The Dangers of Overpricing Your Home
When we start thinking about selling our homes, it’s natural to imagine selling for a soaring price – after all, it’s the human tendency to overvalue the things we care about, especially if we’ve put any effort into making them what they are. However, when we insist on a price that we feel is right but the market doesn’t support, we run the risk of sabotaging our own sales. To help sober any flights of fancy you might be tempted to take, consider the following facts about pricing.
The law of supply & demand
The driving factor behind any asking price is demand. In a seller’s market, high demand means that buyers are bidding more aggressively for available homes, and sellers can nudge their prices up from what the last comparable homes sold for. In more balanced conditions, there’s less leeway to bump up your asking price – regardless of whether you feel that your home is a diamond in the rough. If the price exceeds demand, your cherished home will only serve to make the competition look better.
Overpriced homes stand out like a sore thumb
If you’re scratching your head wondering why the neighbours around you are selling and you’re not getting any offers, it’s time to reconsider your price. In fact, the most common reason houses don’t sell is that they’re priced too high.
Buyers and their agents are going to do their homework, so they’ll know if your price exceeds other comparable homes in the area and they’ll opt for comparable homes with better price tags. Even if you do generate a little interest, an agent worth his or her salt will advise clients to make “lowball” offers that are more inline with your home’s true market value. If you decide to hold out for a better offer, be prepared for long weeks of uncertainty that could lead to disappointing price reductions or no sale at all.
What you put in doesn’t guarantee what you’ll get out
Over the years, you’ve probably put some work into your home, but your blood, sweat and tears won’t necessarily turn into dollar signs when it comes time to sell. Of course, certain renovations will increase your home’s value, like new windows, a new kitchen, or a new roof. However, even in these cases, you’ll almost never get a 100% return on your investment because a home is sold as a package deal, not as a collection of individually priced upgrades charged to the buyer.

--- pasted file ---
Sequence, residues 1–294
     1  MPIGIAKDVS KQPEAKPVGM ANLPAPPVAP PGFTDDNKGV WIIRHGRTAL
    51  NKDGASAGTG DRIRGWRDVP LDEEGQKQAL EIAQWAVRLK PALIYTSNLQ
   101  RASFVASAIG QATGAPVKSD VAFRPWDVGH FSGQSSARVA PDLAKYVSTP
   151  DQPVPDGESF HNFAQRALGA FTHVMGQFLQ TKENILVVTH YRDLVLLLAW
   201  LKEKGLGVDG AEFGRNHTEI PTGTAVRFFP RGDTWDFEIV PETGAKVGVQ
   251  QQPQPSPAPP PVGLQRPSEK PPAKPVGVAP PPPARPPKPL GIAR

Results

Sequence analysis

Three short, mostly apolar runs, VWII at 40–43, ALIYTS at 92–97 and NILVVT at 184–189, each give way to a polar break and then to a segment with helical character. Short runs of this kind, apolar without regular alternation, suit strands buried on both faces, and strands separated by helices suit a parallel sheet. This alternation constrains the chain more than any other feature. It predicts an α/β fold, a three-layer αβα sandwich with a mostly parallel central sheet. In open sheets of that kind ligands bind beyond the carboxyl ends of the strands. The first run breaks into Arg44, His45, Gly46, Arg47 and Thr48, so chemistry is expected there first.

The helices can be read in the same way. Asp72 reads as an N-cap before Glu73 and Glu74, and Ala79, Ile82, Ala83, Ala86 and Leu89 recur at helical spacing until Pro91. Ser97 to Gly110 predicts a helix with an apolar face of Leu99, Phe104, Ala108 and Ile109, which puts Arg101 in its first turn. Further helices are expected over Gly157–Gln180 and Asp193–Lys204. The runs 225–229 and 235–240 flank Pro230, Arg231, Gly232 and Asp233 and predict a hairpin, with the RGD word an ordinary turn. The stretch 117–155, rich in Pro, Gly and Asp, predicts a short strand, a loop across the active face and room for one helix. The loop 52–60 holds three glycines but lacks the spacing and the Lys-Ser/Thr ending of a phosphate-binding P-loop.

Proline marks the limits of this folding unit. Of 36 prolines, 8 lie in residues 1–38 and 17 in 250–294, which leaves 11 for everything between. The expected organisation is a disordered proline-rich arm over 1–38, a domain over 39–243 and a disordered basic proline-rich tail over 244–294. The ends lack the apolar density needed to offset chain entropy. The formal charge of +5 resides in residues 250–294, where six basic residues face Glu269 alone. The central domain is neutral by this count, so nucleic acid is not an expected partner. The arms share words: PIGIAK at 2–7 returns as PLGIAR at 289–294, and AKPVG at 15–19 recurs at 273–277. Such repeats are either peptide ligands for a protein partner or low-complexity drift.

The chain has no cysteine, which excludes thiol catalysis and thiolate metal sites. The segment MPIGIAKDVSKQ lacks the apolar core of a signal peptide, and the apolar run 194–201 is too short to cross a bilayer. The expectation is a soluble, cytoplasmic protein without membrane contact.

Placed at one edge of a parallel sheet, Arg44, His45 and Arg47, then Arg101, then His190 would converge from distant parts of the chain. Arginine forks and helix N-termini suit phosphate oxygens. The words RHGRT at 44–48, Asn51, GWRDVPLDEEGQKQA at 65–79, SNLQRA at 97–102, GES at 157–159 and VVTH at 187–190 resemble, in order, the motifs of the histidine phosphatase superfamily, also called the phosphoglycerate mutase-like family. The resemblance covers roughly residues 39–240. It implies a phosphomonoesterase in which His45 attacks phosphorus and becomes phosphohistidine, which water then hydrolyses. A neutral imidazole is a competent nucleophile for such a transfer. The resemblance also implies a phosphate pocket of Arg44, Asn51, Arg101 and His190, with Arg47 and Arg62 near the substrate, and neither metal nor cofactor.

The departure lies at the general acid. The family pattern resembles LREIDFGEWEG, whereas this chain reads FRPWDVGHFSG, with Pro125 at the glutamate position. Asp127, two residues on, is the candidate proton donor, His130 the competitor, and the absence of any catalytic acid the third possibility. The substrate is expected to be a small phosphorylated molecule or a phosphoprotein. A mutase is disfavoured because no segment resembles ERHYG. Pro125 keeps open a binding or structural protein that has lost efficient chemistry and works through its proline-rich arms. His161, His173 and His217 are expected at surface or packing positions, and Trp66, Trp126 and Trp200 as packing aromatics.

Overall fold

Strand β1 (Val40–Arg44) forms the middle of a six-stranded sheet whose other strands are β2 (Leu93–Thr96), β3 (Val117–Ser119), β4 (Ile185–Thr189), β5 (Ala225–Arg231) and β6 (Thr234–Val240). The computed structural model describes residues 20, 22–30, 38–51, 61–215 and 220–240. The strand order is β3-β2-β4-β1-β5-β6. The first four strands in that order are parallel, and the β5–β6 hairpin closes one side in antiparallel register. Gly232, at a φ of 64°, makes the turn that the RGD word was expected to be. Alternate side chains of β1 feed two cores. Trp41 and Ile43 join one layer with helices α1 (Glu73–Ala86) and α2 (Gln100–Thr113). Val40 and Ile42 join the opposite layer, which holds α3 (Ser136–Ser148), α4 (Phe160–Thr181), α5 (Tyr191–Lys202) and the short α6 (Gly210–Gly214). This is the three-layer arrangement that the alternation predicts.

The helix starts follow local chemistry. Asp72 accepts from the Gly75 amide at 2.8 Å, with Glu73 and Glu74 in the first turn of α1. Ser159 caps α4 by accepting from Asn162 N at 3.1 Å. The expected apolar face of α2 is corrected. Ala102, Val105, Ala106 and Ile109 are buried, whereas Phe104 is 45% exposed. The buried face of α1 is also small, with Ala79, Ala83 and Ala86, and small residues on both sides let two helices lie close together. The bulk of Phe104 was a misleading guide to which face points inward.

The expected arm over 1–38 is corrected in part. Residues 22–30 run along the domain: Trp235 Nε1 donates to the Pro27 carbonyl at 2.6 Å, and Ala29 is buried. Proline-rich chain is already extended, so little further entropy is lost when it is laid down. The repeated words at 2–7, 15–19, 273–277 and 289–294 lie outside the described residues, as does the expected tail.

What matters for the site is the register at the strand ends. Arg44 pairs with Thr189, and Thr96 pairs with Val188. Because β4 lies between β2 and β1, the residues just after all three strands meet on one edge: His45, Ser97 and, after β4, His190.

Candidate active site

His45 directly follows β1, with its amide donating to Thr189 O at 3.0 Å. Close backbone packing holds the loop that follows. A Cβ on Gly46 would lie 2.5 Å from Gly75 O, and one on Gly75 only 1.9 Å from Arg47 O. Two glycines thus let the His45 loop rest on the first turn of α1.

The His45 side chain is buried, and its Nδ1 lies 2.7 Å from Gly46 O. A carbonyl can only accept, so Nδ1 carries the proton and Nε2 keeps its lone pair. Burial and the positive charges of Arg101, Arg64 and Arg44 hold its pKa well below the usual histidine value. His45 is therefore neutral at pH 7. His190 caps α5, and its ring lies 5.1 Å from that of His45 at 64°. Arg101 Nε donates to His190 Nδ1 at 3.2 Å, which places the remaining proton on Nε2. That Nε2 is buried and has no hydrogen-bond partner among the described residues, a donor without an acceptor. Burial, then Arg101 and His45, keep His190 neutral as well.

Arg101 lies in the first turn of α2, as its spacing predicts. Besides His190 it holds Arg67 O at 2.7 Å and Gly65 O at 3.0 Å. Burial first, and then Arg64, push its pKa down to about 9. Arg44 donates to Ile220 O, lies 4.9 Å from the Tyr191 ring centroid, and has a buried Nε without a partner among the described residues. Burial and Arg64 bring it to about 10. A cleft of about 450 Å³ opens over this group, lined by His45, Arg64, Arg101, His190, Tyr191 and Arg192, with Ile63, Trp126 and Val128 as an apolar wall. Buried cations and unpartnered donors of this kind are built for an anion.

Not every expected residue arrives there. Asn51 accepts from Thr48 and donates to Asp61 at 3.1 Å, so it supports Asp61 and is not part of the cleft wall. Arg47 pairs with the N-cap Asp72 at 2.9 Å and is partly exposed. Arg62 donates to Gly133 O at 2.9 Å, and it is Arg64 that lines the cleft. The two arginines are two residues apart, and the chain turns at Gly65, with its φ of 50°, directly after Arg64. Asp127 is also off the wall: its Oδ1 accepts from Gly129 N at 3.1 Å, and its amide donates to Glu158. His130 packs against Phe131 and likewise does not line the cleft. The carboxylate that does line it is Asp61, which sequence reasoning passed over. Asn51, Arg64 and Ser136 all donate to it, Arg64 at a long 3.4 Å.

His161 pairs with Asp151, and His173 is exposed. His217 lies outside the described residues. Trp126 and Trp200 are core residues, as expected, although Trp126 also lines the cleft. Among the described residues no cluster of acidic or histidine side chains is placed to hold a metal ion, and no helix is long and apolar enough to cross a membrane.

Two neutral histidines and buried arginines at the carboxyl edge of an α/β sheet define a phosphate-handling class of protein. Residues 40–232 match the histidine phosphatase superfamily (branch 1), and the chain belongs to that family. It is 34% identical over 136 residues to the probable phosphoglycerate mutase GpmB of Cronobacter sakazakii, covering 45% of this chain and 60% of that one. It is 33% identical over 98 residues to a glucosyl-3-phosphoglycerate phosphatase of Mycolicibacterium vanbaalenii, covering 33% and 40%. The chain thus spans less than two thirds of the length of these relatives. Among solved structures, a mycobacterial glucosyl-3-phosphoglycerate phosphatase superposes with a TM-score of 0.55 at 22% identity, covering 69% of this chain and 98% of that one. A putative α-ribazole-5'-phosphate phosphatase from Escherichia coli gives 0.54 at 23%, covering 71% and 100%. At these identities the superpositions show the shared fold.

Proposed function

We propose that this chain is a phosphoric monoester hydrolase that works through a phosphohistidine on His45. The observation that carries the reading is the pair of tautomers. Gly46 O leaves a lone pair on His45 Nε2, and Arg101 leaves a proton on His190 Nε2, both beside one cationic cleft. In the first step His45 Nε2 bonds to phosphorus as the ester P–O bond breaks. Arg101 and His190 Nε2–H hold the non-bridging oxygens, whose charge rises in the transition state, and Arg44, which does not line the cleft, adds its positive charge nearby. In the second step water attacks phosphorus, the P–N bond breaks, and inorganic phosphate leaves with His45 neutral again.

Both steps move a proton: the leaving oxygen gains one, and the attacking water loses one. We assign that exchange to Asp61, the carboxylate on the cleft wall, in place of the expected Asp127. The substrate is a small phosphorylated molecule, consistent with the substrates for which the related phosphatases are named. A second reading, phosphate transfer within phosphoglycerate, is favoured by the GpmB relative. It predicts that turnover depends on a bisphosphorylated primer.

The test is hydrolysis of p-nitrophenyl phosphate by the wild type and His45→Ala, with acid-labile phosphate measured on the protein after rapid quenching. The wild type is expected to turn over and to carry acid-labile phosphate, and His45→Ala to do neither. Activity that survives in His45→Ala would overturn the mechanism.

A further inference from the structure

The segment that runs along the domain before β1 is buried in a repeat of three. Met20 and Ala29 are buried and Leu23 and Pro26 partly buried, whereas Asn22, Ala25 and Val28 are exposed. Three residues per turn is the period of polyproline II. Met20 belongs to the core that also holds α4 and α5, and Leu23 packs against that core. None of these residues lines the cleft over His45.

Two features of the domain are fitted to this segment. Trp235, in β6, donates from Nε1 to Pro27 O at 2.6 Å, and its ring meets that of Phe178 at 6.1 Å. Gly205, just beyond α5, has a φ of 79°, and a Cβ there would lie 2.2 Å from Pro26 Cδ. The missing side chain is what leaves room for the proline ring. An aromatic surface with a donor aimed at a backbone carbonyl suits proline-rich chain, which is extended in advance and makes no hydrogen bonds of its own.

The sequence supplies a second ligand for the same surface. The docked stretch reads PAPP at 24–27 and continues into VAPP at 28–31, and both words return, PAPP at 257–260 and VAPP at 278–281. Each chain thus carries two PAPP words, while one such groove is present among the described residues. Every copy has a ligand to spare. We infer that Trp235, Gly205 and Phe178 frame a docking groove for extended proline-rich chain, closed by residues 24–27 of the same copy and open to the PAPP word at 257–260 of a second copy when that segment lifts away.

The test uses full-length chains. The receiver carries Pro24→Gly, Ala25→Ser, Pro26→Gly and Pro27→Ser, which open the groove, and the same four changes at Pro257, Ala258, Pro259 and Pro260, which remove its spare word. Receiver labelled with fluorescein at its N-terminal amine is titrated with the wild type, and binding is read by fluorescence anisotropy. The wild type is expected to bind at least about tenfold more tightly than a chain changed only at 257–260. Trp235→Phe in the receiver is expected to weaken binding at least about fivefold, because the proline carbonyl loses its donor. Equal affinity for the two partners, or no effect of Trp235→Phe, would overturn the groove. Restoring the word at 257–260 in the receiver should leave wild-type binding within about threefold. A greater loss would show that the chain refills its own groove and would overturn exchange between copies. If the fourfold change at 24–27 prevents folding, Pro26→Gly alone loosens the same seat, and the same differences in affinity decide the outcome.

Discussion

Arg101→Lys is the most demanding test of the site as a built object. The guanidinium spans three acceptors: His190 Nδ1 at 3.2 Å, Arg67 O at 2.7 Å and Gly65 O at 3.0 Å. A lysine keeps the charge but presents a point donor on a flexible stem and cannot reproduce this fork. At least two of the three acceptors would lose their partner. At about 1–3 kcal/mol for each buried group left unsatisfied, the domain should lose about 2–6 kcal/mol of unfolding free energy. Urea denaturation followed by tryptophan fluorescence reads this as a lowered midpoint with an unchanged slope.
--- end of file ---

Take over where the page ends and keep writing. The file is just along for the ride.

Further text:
Trust the market data
The best way to understand your home’s market value is to have a comparative market analysis (CMA) done by a real estate agent who has been inside your home and knows your neighbourhood. Free online assessments can only take an agent so far – they might account for your lot size, square footage and price history, but they’re not specific enough to pin your hopes on. On the other hand, a CMA, like the ones prepared by Purplebricks agents, will give you a detailed report on how your home and property features measure up against comparable homes in your area that are for sale, that have recently sold, or that were listed and didn’t sell. The data in the CMA will help you see your home’s value objectively and point to any emerging trends in buyer demand.
Of course, there’s always a chance that your CMA might not give you the price you had in mind, and you might be tempted to shop around for an agent until you find one who says he or she can get it for you. Beware such promises: all too often they end up dramatically reducing prices after only a couple of weeks on the market.
The importance of being priced correctly from the outset of your sale simply can’t be emphasised enough: newly listed homes generate the most interest, and the longer a home sits on the market, the more stigmatized it becomes. Though your home might be rich with memories and love, and though you might have crunched the numbers on your investment into it, in the end, its dollar value is determined by the market.